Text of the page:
Exploring Kenyan Culture

Kenya is home to breathtaking landscapes, interesting cultures, beautiful national parks and wildlife reservations. It is an ideal place to experience the fragrant smells of street food and colorful corner markets depicting it’s busy and bustling energy. With an abundance of successful conservation efforts, Kenya is known for preserving and protecting its stunning creatures and landscapes.

Study abroad in Kenya Host a Kenyan student in the U.S.

 

Kenyan People and Community

Family in Kenya is not just the nuclear family but extended to cousins, uncles, and aunts. In Kenyan culture, family is considered a major factor when it comes to identity, a sense of belonging, and security. The upbringing of a child in Kenya means cousins, aunts, and uncles play a large role in their day-to-day life and may make visits without prior notice and expect a helping hand when in need.

Dinner is an important meal as it brings together all family members. Religious services are also a communal experience for families. Religious beliefs are strong for Christian, Muslim and Hindu communities. Sunday is the biggest day for Christian families as they will spend almost all day in church activities.

In Kenya, household chores are traditionally done by women. Sometimes men try to help in the house, but it’s not very common. In general, children are expected to make their own beds each morning and keep their room tidy.

Kenyan culture is very communal in nature. Kenyans share everything from clothes, food, and even space!  At home, personal items are often shared with every member of the family. In most families, they don’t understand the concept of private time and it’s uncommon to stay alone in one’s room for long periods of time except to sleep.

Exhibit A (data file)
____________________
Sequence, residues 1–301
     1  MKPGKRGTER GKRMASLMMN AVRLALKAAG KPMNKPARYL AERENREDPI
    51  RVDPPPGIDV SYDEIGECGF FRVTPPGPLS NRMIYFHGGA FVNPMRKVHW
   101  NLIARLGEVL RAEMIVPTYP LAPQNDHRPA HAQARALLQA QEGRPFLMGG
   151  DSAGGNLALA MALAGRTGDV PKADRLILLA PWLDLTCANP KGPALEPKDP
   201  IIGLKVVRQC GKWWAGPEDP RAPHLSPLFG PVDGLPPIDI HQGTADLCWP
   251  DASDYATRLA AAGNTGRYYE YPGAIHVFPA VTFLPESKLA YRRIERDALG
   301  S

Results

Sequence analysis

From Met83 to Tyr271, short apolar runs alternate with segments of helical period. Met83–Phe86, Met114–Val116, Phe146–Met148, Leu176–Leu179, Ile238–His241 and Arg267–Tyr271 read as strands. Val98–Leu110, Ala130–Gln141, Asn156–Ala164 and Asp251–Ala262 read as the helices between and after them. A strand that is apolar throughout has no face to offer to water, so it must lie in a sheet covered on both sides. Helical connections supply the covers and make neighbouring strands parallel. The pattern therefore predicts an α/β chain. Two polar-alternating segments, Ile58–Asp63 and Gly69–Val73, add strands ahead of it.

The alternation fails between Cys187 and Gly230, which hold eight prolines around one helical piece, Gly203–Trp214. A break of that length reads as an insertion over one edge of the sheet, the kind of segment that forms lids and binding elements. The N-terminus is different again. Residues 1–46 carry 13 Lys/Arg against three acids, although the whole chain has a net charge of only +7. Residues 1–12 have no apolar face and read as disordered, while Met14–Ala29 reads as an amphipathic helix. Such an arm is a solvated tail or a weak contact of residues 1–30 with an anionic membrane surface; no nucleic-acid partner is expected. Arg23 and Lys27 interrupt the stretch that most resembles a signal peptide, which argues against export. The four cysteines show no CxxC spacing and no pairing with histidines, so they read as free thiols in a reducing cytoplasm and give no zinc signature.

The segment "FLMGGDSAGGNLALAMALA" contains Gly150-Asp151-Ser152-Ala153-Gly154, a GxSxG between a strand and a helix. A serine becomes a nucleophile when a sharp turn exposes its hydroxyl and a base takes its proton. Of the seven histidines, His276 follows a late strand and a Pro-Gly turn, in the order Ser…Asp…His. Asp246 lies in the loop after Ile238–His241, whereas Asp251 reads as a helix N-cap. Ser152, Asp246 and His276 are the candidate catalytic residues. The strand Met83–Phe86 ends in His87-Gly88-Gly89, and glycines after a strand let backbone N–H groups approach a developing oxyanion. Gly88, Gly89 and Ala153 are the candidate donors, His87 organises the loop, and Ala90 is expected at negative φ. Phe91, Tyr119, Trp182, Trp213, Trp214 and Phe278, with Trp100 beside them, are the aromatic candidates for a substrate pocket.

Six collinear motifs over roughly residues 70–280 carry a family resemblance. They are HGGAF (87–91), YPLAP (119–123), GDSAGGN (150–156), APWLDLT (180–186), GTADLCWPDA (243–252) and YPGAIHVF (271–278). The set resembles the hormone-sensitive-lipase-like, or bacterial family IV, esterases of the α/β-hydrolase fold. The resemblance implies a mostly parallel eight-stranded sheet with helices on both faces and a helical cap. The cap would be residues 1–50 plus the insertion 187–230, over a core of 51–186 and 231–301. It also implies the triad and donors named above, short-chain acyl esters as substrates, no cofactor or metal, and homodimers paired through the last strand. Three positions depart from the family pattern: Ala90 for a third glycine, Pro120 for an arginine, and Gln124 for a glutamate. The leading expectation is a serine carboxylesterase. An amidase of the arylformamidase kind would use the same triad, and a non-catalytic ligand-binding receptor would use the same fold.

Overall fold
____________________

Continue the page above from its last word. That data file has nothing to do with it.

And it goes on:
Language and Communication Styles

Kenya is a multilingual country. Swahili is the national language, while the official language is English. Within urban centers, people mostly speak English or Swahili. However, there are over forty other indigenous African languages spoken by Kenyans, especially in the countryside or within people from the same ethnic group.

Food in Kenya

Fried Steak, Ugali and Sukuma Wiki

Food in Kenya is rich in different types of breads, fried potatoes, eggs, rice, meat, fish, and vegetables. Meals are a family time, so Kenyan families often sit down together talk about their day during meals. Most people eat with their right hand.

There is no singular dish that represents all of Kenya’s wide cuisine. Different communities have their own native foods. Food staples such as maize and other cereals depend on the region, including millet and sorghum eaten with various meats and vegetables. The foods that are universally eaten in Kenya are ugali (maize), sukuma wiki (vegetables), and nyama choma (roasted beef).

Grains are a food staple for groups that grow grains such as Kikuyu, Embu, Meru, and Kisii. Other communities such as the Luo and the Coastal communities have fish and seafood as their staple food. In semi-arid areas like Turkana, foods made from sorghum are more common staple foods. Towards the city, food eaten by working families vary according to preference and ethnicity. Rice and stew are more common with working families, and other dishes like chapati (parantha) and chicken stew.

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